I don’t find myself compelled to log into GW2 as often as I did with WoW “back in the day” (meaning BC and early Lich). This might be a product of the carrot/stick progression that WoW lays before your feet, there is always a very easy to follow path laid out in that game with little choice/thought involved. It might also be that, as you observe, levels seem wasted in this game. I’m not even sure why they’re there, other than to appeal to progression types. I could EASILY do without levels here, in fact I think the game would be better without them: the entire MMO “experience” (raiding, questing, PvP large & small, dungeons) is available more-or-less from the outset, so why on earth should I fuss over being lvl 10 or lvl 70? Makes little sense to me, honestly.

    The other “big thought” I have to share is that I’ve yet to find a game that offers what GW2 is offering right now. I offer this as a serious-casual, meaning a person with a life who still wants to excel in-game. I’ve tried an enormous number of MMOs in the last 2-3 years (Eve, FF, Rift – and of course WoW & old-school Runescape back in the day), and they all seem flawed or limited in fundamental ways. Is there really a better option out there for a “serious-casual” player seeking immersion, balanced group-play with other live players, and a real & continuing challenge without the mindless grind found in most MMOs? If so, I’d love to find it! The new Rift expansion seems great in many respects but it also seems to offer the same old-school gear grind found in WoW (not to mention PVP playing second fiddle content-wise). I find myself fascinated with The Secret World, but the mixed reviews, reports of empty servers and the monthly fee reality prevent me from taking that leap so far. The forthcoming Elder Scrolls seems promising, but everything seems promising before release . . .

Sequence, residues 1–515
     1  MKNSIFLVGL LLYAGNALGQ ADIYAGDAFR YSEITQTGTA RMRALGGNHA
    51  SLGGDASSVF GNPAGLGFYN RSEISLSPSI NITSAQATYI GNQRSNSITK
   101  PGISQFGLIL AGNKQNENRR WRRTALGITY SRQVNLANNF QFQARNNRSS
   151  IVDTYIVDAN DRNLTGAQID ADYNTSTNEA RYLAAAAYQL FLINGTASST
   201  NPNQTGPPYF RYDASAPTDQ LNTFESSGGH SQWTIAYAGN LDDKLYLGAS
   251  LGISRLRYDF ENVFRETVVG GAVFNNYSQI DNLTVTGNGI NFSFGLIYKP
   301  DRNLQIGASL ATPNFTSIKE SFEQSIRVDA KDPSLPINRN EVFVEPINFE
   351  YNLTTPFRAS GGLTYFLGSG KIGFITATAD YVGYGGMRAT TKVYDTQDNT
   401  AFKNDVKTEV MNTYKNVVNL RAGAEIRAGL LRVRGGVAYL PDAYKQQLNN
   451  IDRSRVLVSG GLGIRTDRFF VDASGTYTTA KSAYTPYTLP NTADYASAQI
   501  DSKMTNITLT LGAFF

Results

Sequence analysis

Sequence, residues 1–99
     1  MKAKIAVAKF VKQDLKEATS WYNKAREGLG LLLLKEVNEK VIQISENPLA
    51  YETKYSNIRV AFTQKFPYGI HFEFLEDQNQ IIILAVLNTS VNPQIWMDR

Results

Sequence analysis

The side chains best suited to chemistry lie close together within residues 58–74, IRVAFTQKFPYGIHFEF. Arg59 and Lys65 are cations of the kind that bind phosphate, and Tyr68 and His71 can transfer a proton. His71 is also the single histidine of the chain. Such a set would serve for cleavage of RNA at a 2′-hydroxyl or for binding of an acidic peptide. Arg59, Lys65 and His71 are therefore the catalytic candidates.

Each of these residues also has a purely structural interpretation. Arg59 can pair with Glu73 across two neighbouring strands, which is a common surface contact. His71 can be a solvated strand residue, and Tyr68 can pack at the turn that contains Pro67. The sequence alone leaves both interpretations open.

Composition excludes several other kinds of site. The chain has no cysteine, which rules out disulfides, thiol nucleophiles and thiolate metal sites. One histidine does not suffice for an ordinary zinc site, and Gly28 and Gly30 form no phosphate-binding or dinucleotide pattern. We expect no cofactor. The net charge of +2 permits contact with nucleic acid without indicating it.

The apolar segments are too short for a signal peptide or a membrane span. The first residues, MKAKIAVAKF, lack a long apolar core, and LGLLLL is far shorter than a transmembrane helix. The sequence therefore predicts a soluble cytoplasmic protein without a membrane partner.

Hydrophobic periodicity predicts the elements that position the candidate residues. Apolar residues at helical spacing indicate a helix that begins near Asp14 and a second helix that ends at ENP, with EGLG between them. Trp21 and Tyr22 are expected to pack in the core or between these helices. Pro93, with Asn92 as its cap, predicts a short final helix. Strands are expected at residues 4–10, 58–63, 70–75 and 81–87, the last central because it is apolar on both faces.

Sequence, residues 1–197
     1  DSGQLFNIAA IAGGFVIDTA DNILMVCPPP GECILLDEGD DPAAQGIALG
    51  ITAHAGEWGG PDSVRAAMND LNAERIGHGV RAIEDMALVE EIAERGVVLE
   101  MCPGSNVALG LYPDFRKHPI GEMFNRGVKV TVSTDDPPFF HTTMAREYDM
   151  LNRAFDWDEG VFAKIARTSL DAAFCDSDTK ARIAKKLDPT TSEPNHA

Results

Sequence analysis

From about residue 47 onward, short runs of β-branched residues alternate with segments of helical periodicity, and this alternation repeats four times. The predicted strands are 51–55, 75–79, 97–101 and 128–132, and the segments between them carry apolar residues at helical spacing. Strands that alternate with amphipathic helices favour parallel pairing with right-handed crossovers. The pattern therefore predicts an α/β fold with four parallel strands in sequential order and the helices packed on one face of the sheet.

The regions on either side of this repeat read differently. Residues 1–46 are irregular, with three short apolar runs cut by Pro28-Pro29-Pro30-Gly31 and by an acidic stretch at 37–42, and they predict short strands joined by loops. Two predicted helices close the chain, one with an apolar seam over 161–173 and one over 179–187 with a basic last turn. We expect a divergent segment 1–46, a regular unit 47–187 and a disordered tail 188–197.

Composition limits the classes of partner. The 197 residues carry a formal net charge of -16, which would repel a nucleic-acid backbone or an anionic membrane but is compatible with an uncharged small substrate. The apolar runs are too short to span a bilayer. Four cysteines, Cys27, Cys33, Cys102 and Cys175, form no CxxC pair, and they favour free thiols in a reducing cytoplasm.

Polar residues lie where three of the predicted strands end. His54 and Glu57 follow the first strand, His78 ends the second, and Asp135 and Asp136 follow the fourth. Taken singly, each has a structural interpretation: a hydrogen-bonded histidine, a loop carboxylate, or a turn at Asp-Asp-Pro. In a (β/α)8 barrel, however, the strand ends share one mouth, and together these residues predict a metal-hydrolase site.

I think the real question is, where does a serious-minded gamer with more limited play time (e.g. gamers with a life) land? GW2 – for me, so far – represents the very best option out there at the moment. Am I missing something … ?

    Comment by Toby — 25 November, 2012 @ 3:36 PM

  16. Toby: wow, quite a post there. :) Thanks for sharing your experiences.

    I will admit that I did intentionally play through the game a lot more in the “achiever” mindset. In WoW, I was always lagging behind my friends as I actually wanted to read the quest text. The instantly-appearing quest text mods were a blessing/curse for me, as I got tired of reading them slowly, but the slow text meant my friends were forced to at least wait for me to read as well. ;) I’m going to play another character, and I plan to take it a bit slower to see what I missed the first time around.

    I’ve seen a bit of what you talk about with the follow-on events, but there’s no motivation to stick around waiting for that other than the hope that maybe there will be some sort of follow-up. As I said, I think the Karma currency could have been a great thing here, where sticking around to help after the event is done or heart is filled would have given Karma and encouraged people to stick around to see any continuations.

    As for combat choices, I’ve used pretty much every skill the Engineer has to offer. The turrets are what I like to play with (although I use the elixir gun a bit more now). This probably boils down to a personal preference thing. But, I think The Secret World did the limited skills in a better way with a better design overall. A shame the combat just wasn’t very interesting in that game.

    As for underwater combat, it’s okay. I have a friend who is awful at navigating free 3D space like underwater but does surface travel easily enough, so this is probably something that won’t work well for everyone. I’ve also heard that Engineers do the best damage underwater, so we have a natural advantage; I’ve heard complaints about underwater combat from every single Elementalist I’ve read about, so it looks like it might depend on your class a lot. I think underwater combat makes the problems I have with the lack of combat depth even bigger: only one single weapon option, and at lot of the skills just aren’t usable underwater. None of my Asuran Elite skills are usable, for example.

    What other games are out there? I’m still a big fan of DDO, although my solo DDO playtime has been poured into GW2 currently. DDO does the free-to-play model right, so you’re willing to put some money into the game you can play without a subscription reasonably enough. The character system is a LOT more complex, though, which can lead to sub-optimal choices if you don’t go in with a least a little preparation. But, I find the quests and challenges to be fun and interesting, moreso that what I’ve found in GW2, I’d have to say. If you (or anyone else) is interested, we’re on the Cannith server. Happy to give advice about character builds, etc. so you don’t feel like you screwed up your first character as a lot of people do. :)